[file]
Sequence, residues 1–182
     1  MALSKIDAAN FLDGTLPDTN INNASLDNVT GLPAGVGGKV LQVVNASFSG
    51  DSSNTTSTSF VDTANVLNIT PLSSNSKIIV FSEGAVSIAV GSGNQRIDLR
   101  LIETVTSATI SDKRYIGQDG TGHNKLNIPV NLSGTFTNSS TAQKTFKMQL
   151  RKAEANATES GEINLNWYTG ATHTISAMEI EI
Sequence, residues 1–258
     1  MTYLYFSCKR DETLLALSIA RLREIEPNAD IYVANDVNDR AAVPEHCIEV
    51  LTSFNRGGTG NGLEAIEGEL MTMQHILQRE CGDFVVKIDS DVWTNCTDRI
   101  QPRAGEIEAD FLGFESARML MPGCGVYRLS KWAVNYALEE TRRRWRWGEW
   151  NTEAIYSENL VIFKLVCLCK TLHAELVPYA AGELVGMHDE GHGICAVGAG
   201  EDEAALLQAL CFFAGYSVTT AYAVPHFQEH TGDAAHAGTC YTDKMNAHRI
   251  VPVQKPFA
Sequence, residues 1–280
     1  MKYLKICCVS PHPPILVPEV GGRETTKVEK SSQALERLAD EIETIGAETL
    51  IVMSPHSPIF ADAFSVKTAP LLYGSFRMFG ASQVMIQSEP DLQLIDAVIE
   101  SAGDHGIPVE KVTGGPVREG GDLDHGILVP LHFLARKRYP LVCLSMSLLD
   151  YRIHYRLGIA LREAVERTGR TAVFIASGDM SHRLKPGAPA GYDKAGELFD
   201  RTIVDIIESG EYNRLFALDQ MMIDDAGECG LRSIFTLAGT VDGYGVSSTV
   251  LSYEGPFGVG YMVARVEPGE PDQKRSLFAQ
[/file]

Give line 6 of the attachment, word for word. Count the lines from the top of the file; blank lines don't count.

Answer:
Sequence, residues 1–258